There has been a lot of discussion of state ESSA plans since the remaining 34 states submitted their plans earlier this fall, with various efforts assessing state plans against a set of common metrics. We wonks can go back and forth all day niggling on the metrics and indicators in each analysis (did it place enough emphasis on student subgroup performance, or on state’s long-term goals for growth and proficiency?), but that masks another important — and deeper — question:
How do states view the purpose of their state ESSA plans?
Among the American public and among state education leaders, there are vastly different perspectives on the role of the federal government in education. Whether you agree or disagree with the additional leeway that states enjoy under ESSA, the reality is that state leaders who believe that states should drive education policy will approach their ESSA plans with an orientation very different from state leaders who believe that the federal government should play a dominant role.
If I’m a state chief who believes in the importance of federalism, I might well approach my state ESSA plan with a compliance mindset. What does my team need to commit to in order to receive federal funding, while maintaining maximum flexibility to execute the reforms we believe our state needs? This might suggest setting more modest long-term goals or developing less detailed plans for school turnaround — not because I am less committed to ensuring success for all students, but because I don’t want to limit my options. (Side note: when it comes to school turnaround, this seems wholly appropriate, since the success rate of past turnaround efforts suggest we should be humble about what we can promise).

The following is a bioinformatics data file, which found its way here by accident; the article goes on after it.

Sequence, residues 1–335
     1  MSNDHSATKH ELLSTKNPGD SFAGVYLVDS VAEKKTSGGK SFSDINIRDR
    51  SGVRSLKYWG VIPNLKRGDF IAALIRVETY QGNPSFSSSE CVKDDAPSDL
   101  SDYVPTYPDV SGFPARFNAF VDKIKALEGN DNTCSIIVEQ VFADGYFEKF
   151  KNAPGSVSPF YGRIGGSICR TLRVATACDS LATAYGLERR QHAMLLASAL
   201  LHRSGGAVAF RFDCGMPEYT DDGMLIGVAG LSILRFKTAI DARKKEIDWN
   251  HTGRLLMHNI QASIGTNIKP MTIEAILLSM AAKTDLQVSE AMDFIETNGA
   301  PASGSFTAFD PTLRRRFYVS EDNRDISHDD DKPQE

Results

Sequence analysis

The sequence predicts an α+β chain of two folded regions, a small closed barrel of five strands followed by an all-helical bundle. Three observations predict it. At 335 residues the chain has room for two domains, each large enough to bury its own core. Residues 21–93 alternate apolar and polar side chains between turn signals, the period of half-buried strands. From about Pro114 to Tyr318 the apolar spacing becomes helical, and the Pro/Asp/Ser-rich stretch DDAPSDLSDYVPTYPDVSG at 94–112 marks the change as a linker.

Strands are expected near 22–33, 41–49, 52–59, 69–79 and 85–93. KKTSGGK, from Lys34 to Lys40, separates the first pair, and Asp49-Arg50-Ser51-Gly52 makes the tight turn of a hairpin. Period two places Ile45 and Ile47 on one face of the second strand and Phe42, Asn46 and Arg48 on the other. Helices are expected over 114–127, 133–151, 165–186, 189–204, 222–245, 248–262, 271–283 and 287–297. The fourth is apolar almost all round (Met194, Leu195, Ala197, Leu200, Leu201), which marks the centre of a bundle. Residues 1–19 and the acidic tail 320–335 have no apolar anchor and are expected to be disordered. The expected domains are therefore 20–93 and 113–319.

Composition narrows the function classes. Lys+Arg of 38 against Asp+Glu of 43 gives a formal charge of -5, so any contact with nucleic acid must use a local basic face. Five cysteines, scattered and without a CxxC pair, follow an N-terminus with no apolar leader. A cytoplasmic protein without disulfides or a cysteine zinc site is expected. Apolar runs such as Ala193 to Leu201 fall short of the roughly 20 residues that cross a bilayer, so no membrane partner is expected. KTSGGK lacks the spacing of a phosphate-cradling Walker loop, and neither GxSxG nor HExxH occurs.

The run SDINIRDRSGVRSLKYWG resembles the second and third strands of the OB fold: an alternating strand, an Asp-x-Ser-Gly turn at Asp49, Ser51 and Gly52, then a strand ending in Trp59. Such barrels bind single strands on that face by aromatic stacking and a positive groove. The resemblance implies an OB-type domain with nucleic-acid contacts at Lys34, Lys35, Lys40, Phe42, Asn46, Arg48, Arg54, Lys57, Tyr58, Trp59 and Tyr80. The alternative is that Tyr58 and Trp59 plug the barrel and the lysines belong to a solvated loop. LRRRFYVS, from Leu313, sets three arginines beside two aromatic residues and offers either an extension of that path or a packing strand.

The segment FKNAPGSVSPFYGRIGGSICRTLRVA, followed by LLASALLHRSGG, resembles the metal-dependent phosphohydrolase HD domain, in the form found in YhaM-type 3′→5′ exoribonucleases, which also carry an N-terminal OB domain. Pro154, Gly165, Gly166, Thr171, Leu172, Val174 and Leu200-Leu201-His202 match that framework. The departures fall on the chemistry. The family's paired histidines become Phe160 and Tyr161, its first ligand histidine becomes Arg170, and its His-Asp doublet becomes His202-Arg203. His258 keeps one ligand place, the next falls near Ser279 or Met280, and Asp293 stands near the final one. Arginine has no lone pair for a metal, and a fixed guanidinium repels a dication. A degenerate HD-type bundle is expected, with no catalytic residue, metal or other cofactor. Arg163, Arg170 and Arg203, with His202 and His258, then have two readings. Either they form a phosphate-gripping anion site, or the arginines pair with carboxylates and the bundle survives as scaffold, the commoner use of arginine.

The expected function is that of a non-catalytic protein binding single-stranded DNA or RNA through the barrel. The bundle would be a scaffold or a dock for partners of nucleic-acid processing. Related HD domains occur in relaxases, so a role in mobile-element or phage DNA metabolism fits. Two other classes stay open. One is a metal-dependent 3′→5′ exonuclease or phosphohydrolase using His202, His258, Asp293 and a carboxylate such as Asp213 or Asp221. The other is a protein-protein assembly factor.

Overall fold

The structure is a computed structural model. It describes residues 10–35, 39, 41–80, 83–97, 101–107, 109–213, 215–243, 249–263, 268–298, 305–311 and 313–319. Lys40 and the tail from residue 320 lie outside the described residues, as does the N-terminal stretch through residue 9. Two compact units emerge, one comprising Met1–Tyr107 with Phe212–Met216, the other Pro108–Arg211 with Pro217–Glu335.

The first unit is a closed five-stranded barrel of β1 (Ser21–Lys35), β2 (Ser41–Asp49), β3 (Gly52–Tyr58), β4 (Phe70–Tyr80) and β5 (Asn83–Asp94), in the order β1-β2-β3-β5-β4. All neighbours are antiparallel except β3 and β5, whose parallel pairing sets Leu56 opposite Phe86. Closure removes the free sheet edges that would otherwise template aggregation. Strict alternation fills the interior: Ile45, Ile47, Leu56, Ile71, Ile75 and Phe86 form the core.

Meanwhile, if I’m a state chief who believes in the central role of the federal government in shaping reform efforts, then I might well approach my state ESSA plan as the encapsulation of our five-year strategic plan — using it as an agency-wide exercise that facilitates and shapes the education policies and practices of my administration. This might suggest setting ambitious goals, creating new structures and specific models for school turnaround, and demonstrating a continued commitment to the promises and priorities of the Obama administration.
State plans from such states will look vastly different, not necessarily because some state plans are “better” than others, but because states’ goals for their plans were different to begin with.
Of course, there are factors beyond federalism that might affect how states approach their ESSA plans. States might have different challenges and therefore a set of policy priorities alternative to those emphasized in ESSA, they could be skeptical of federal priorities that haven’t delivered in the past, or perhaps they are in the middle of implementing an existing reform agenda. Whatever the reason, as we think about state ESSA plans, we must keep in mind that states might share the same goals for students, but don’t all share the same goals for these documents.
If we measure some states against a set of goals that they don’t share, they are likely to fall short. That’s not a moral failing of those state leaders. And it’s not an indication that they place less value on the importance of education. It’s a reflection that there’s a plurality of viewpoints across the country that can’t all be measured against a single yardstick.